Saturday, January 28, 2023

Analysis: Biden-Zelensky try to avoid suspicion from Congress

WASHINGTON ( Associated Press) — Volodymyr Zelensky’s visit to Washington was a moment for the White House to show Russian President Vladimir Putin that the United States will remain committed to war “as long as it takes,” as the president said. Joe Biden.

It also gave the Ukrainian president, clad in army green, a chance to take advantage of the grand stage on Capitol Hill to thank Congress for the billions of dollars that are keeping his country in the fight.

“As long as it takes” are weighty words, but they run up against a formidable question: How patient will the narrowly divided Congress – and the American people – be for a war with no end in sight? What is killing Horizon and the global economy?

Zelensky presented his arguments on Wednesday night. In a speech before a joint session of Congress, he equated Ukraine’s fight to maintain its sovereignty with America’s fight for independence. He compared the Battle of Buckmut, where fierce fighting ensued for over a month, with the Battle of Saratoga, a turning point in the American Revolutionary War.

Zelensky, who visited the Bakhmut frontline shortly before his trip to Washington, presented members of Congress with a Ukrainian flag signed by the soldiers. And thanking America for the help, he told lawmakers that “your money is not charity.”

“This is an investment in global security and democracy that we manage in the most responsible way,” Zelensky said.

Most Americans, according to polls, continue to give aid to Ukraine because it has successfully repelled the Russian armed forces, which some US officials initially believed would quickly crush the Ukrainian military.

But with the help of some $21.3 billion in US military aid since the invasion began in February, the Ukrainians, though outnumbered, have managed to achieve battlefield success and inflict heavy casualties among Russian troops.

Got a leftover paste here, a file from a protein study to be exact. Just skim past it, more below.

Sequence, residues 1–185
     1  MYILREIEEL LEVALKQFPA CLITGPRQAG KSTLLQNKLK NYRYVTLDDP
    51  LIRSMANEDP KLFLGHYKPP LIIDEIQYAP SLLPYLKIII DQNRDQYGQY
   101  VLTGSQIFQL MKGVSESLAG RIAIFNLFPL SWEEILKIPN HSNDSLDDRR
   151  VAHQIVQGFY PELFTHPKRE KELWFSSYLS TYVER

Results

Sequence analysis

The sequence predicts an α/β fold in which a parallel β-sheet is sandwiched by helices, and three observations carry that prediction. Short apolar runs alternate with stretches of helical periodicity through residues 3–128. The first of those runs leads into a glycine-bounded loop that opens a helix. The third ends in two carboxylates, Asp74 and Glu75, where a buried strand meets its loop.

Zelensky, sitting next to Biden in the Oval Office with a fireplace blazing in the background, acknowledged that Ukraine was in better shape because of the bipartisan support it received from Congress.

“We have got the situation under control thanks to your support,” said Zelensky, who presented Biden with a medal awarded to a Ukrainian captain of a Himars battery, one distributed by the United States. The rocket system was there, and the one the officer wanted was with the US President.

Yet with Democratic House Speaker Nancy Pelosi and Republican Senate Leader Mitch McConnell both insisting that support for Ukraine is a fundamental part of American interests, bipartisan unity around Ukraine was beginning to crumble.

Republican Sen. Rick Scott said, “I hope we’re going to continue to support Ukraine, but we have to be told what they’re doing all the time.” “I think that these kinds of things have to continue to be promoted to the American public. I don’t think you can just call it a matter of time.”

Shortly before Zelensky’s arrival, the United States announced a $1.85 billion military aid package for Ukraine, including Patriot surface-to-air missiles, and Congress planned to vote on a spending bill that included Includes $45 billion in emergency military assistance for Ukraine.

Pelosi and other officials compared Zelensky to a visit by British Prime Minister Winston Churchill in 1941 to speak with President Franklin D. Roosevelt after the Japanese attack on Pearl Harbor.

In a letter to fellow lawmakers Wednesday, Pelosi said her father, Rep. Thomas D’Alessandro Jr., was a member of the House when Churchill “won our country’s support in the fight against tyranny in Europe” the day after Christmas. Had visited Congress to do ”.

Pelosi said, “This week marks 81 years, and it is especially present for me as another heroic leader addresses Congress in a time of war, and democracy itself at stake.” Once in the lower house, Republicans take control of the House of Representatives.